Arts & Events

Art Review: "The Steins Collect"

By Dorothy Snodgrass
Monday June 20, 2011 - 11:19:00 AM

This past Tuesday afternoon I had enormous pleasure, and I might say, inspiration, when I attended the San Francisco Museum of Modern Art's fabulous exhibit, "The Steins Collect." Having over the years visited magnificent art galleries in Europe -- the Louvre, National Gallery in London, and the Pitti Palace in Florence, I assumed this exhibit would be anticlimactic and rather ordinary. I was sadly mistaken! 

On entering the Museum, a beautiful building with its dramatic stair way, patrons were given a yellow ticket specifying the time they could join a tour of the Fourth Floor. I was scheduled for 10:45. Little did I dream that there I would see seventy-five works by such masters as Henri Matisse, Pablo Picasso, Paul Cézanne, Renoir, and Toulouse Lautrec and other masterpieces of the Parisian Avant-garde. With such a wealth of glorious paintings it was a problem taking them all in (and murder on the feet). Matisee's "Woman with a Hat" was, without question, the most popular piece in the show, followed closely by Picasso's "Boy Leading a Horse", and, of course, his portrait of Gertrude Stein. 

I must confess that for me the highlight of this superb exhibit was the section devoted to the history and faded photos of the Stein family and their famous salon at 27 Rue De Fleurus in the early 1900's. The exhibition tells the story of the Steins (Gertrude and her brother Leo) and their lives as highly unusual but frequently brilliant collectors of art. They initially purchased Matisee's "Woman with a Hat" after its scandalous debut in the 1905 Salon d'Automne, where it inspired critics to classify Matisse and his peers as "those beasts". Though it's impossible to replicate the Stein's chaotic apartment walls, which were covered from floor to ceiling with the art they loved, the Museum has artfully displayed those walls in a blown-up image.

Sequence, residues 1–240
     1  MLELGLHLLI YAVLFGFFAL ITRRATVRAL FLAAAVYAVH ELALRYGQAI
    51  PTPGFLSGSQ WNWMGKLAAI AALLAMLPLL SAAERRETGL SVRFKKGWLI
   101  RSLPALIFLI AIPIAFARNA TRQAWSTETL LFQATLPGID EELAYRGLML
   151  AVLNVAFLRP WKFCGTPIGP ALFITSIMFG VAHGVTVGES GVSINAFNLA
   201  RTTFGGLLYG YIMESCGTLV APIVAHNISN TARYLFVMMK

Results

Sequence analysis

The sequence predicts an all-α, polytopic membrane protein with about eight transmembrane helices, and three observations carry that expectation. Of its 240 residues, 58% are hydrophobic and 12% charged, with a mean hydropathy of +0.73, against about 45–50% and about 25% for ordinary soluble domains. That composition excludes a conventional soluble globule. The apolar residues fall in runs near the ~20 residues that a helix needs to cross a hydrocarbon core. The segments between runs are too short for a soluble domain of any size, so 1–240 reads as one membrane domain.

Leo strongly objected to Gertrude's homosexuality and her affair with Alice Toklas, leading to irreconcilable differences. But they nonetheless continued to collect art and lived to see Picasso and Matisse become the most famous artists of the 20th Century. 

"Seeing Gertrude Stein: Five Stories" can be seen at the Contemporary Jewish Museum, 736 Mission Street, through September 6th. This show offers five fascinating paths through Stein's life and legacy, with several photos -- one by Cecil Beaton, and another of Gertrude and Toklas. "The Art of Friendship" examines her relationship with artists and writers, especially her circle of younger, gay admirers. "Celebrity Stein" focuses on her triumphant lecture tour 

Not many people know that Stein and the young composer Virgil Thomson created an opera about Catholic saints in Spain, entitled "Four Saints in Three Acts", which will play at the Yerba Buena Center for the Art's Novellus Theatre, August 18-21. The opera premiered in Hartford, Connecticut and quickly moved to Broadway where it became a widespread sensation. 

So, given all the astounding and diversified accomplishments of Gertrude Stein, who lived in Oakland for a short time-- thus her misquoted statement, "There's no there" -- one can readily see why the Stein Collect is SFMOMA's most popular exhibit of the season. Art lovers remain fascinated with this admittedly plain, mannish-looking woman and her contributions to the Parisian Avant-garde.